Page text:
This one was entitled C-Rad Hustle, as it was put on by a local guy whose nickname is C-Rad.

I was the first to arrive at Woods Park. Per instructions, I had a flashlight and can opener. About a dozen or so other cyclists arrived to participate in the festivity.

Once the sun was low enough on the horizon, we were released to our first checkpoint, a screenprinting factory on Cornhusker, about two and a half miles away. We had to drink a beer, then ride through the factory following some arrows laid out with blue painter's tape. We were given our next point upon completing the course.

The next checkpoint was Amen's Liquor store at 12th and Belmont. I got around the group I was riding with and threw the chain into the big ring and powered up the hill to 14th and Adams. Boo-ya.

That was a big mistake. I know the Belmont neighborhood about as well as I know the freeways around [major metropolitain area], meaning I have no flippin clue. I remember reading the instructions on the sticker saying "two blocks north of Cornhusker". Trouble is, I got off Cornhusker at Adams, then hit 12th street and went... North. (Adams is about 5-6 blocks north of Cornhusker at 12th street.) I made it all the way to Superior Street (a mile out of my way) before realizing my mistake.

Here's where things start to get surreal. I'm a sweaty mess. I lean my bike against the liquor store's entrance, I walk in, the guy stops ringing up a customer, points at me and says "one moment please, this gentleman is on a mission". He pulls a can of Leinenkugel's Summer Shandy out of a cooler and asks for a dollar thirty four. I pay him, he holds up two coozies and asks "green or purple?"

I ask "will it matter later?"

"I guess you'll find out," he replies.

I am a bit confused and disheartened by my earlier mistake and just say "Oh well, green I guess."

He puts the sticker on my spoke card and explains "your next stop is the bar behind knickerbocker's". I know where Knickerbocker's is. They have quarter tacos on Thursday and tons of local and regional bands I never get out to see. Trouble is, the most direct route is a stupid-busy two lane blacktop over Salt Creek, through the North Bottoms and then by UNL. I grinned and beared it. Two other participants were unlocking bikes as I was walking in.

I had to buy/chug a beer at that bar before getting my next sticker. I bought a guinness. Dude poured nothing but foam, it went down easy.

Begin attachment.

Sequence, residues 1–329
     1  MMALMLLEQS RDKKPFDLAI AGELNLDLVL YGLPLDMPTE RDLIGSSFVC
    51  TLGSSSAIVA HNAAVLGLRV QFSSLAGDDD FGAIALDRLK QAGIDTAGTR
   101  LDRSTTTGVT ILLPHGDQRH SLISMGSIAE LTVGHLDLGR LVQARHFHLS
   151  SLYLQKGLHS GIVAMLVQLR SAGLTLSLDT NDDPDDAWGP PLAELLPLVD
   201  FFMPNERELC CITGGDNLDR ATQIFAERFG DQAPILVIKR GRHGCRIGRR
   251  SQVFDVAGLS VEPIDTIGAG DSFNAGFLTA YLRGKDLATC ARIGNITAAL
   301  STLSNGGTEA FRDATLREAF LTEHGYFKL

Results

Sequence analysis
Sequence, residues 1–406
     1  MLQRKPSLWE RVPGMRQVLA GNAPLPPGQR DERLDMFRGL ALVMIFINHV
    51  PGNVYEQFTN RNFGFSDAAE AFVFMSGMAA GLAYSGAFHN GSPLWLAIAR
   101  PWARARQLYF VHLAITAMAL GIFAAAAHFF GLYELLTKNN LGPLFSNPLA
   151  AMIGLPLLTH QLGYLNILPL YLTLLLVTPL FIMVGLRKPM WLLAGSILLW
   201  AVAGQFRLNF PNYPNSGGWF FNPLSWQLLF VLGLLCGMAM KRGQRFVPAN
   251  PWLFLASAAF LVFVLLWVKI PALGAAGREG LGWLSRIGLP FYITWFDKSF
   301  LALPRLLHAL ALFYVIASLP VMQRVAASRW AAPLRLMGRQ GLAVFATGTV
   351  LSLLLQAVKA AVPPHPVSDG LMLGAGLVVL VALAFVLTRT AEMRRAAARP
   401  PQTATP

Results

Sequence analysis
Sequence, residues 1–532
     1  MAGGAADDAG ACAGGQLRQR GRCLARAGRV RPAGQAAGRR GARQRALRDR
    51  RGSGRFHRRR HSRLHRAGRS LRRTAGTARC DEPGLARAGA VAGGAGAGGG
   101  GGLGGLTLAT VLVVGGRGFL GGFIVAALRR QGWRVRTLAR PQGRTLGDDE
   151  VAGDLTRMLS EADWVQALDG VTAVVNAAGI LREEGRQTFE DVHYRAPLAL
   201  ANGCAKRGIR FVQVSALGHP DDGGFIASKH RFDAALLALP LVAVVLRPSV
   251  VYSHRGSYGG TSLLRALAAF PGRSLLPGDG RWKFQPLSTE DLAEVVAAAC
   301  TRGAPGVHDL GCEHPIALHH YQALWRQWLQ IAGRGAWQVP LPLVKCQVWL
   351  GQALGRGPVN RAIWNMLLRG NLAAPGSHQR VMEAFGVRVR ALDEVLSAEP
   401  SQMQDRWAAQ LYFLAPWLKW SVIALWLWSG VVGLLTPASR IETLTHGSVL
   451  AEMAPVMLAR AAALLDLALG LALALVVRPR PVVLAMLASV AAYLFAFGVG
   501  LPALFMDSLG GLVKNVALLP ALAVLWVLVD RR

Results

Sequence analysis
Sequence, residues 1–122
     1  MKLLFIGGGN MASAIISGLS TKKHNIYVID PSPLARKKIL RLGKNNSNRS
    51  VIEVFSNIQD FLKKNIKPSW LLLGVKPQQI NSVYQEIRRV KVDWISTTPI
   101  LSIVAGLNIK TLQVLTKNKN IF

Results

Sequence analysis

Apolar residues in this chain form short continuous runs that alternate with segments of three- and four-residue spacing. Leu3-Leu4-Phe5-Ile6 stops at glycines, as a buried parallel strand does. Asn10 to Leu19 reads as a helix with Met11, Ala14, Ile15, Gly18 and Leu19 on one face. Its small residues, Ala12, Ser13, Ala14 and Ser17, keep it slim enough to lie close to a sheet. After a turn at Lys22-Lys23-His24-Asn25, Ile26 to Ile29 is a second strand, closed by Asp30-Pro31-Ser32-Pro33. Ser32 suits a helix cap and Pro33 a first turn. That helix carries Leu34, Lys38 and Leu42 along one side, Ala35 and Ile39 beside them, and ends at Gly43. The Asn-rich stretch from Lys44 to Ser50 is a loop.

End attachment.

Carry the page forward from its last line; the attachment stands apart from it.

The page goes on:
My next stop was a "small park at 50th and O, look for the stone bench". That's close to my 'hood. It's also 3 miles from downtown, the most direct route is also the "main drag". I hit the side streets and the sidewalk along said drag.

By the time I got to the park, there were three people. One was handing out stickers, the other two were relaxing with a Leinenkugel's Summer Shandy in branded coozies from Amen's Liquor store and remarked about my hill attacking ability. "How did we get ahead of you? We thought we'd never see you again!"

Before I was to drink my beer, I had to run up the hill, then bike down it, as if I were in a cyclocross race. This idiot brought his road bike...

By now the beer was shaken up, and upon opening it, I found myself wearing part of it. Oh well. I got my sticker for the next checkpoint.

It read: "Visit any grocery store and buy a can of tuna. Then report to the alley behind TJ Maxx and Best Buy."

There's a Hy-Vee right across the street from the park, and it's down the road/round the corner from Best Buy. I ran into the store with my bike and got strange looks. I told one employee that it was okay, I was on a mission. After fumbling with my wallet and chasing down two other participants, I met up with C-Rad in the alley behind Best Buy and presented my can of tuna.

Now I used my flashlight and my can opener to open the tuna. My next task was to empty the contents into one of the bowls "over there".

So here we are at about 10:15, walking along a narrow foot path in the grass that used to be a creekbed, holding freshly cracked open cans of tuna and a spoon, dumping it into bowls placed near old doghouses.

I think you can tell what's going on here: the task at this checkpoint was feeding alley cats. Seems appropriate, yes?

The final checkpoint was a downtown bar. I don't know my downtown bars. I have a fuzzy recollection of where they are, but I couldn't tell you what block has what bar. I overshot my destination by a block. I wasn't done hustling until I chugged another beer, this one being Old Style.

I took the DFL prize for getting lost twice.